By The Financial District
Amino Acids Found In Asteroid Samples Collected By Japan Space Probe
A government official revealed Monday, June 6, 2022, that samples delivered to Earth by Japan's Hayabusa2 space mission from an asteroid in late 2020 contained more than 20 types of amino acids, demonstrating for the first time that organic molecules exist on asteroids in space, Mainichi Japan reported.
Photo Insert: A JAXA rendering of Japan Aerospace Exploration Agency's asteroid explorer Hayabusa 2 approaching asteroid Ryugu
The discovery could contain clues to understanding the origins of life, the education ministry stated, because amino acids are required for all living organisms to form proteins.
Hayabusa2 delivered more than 5.4 grams of surface material from the Ryugu asteroid, which is located over 300 million kilometers distant, to Earth in December 2020, after a six-year mission.
Ryugu's mission was to uncover the mysteries of the solar system's and life's origins. Water and organic debris were found in the samples, according to previous analyses.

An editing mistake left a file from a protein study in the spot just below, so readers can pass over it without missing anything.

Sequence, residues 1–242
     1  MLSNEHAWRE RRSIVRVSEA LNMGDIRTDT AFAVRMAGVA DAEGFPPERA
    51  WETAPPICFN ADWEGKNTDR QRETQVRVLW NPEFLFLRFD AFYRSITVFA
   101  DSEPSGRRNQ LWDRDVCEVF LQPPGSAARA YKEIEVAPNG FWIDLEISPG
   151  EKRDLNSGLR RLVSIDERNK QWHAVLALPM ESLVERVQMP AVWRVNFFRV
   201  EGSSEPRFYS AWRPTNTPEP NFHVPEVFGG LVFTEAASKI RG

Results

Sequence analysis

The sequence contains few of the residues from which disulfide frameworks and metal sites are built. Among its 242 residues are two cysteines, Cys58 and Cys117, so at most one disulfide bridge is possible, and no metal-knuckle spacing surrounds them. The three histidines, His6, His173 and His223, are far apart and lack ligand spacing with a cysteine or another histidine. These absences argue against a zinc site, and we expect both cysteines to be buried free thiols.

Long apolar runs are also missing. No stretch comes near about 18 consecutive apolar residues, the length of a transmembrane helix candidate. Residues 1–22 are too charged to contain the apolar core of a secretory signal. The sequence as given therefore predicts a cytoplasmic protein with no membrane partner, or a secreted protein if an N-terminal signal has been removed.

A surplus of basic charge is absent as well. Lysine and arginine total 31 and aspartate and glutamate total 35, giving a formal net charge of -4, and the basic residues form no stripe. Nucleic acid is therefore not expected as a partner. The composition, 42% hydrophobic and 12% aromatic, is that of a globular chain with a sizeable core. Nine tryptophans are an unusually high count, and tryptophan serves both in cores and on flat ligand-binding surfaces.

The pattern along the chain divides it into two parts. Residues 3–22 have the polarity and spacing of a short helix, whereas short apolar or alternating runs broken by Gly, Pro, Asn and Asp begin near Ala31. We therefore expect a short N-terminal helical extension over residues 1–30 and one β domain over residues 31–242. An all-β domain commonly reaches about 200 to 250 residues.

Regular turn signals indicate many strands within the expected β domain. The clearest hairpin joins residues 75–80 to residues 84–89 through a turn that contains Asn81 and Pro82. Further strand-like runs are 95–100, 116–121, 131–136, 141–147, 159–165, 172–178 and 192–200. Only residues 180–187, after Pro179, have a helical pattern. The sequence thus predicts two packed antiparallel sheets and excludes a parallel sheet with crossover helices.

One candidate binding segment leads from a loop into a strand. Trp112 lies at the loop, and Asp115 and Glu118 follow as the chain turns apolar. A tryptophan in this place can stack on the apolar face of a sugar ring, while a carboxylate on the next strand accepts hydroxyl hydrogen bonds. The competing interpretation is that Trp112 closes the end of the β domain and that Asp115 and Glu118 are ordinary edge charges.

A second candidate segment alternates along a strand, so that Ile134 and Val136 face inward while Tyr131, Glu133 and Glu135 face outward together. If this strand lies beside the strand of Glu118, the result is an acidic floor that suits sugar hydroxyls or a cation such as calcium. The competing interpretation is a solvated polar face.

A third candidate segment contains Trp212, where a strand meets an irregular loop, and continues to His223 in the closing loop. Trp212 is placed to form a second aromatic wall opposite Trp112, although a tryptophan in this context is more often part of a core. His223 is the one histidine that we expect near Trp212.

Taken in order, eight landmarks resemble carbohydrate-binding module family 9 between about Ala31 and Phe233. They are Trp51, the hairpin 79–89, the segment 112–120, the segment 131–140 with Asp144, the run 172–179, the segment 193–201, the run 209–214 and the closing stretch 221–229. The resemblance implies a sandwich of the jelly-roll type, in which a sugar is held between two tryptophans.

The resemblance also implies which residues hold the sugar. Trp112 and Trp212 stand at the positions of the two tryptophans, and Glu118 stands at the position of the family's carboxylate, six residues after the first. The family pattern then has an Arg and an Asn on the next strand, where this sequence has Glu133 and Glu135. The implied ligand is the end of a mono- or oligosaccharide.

The Japan Aerospace Exploration Agency and research institutions across the island country, including the University of Tokyo and Hiroshima University, began a complete investigation of the sample in 2021.
Although it is not known how amino acids arrived on ancient Earth, one theory says they were brought by meteorites, with amino acids being detected in a meteorite found on Earth.
But there is also a possibility that they were attached to the ground. Meteors reaching the Earth burn up as they hit the atmosphere and become contaminated with terrestrial microorganisms.
Hayabusa2 was groundbreaking in that it collected subsurface materials not weathered by sunlight or cosmic rays, and delivered them to Earth unexposed to outside air. Kensei Kobayashi, professor emeritus of astrobiology at Yokohama National University, said the unprecedented discovery of multiple types of amino acids on an extraterrestrial body could even hint at the existence of life outside of Earth.
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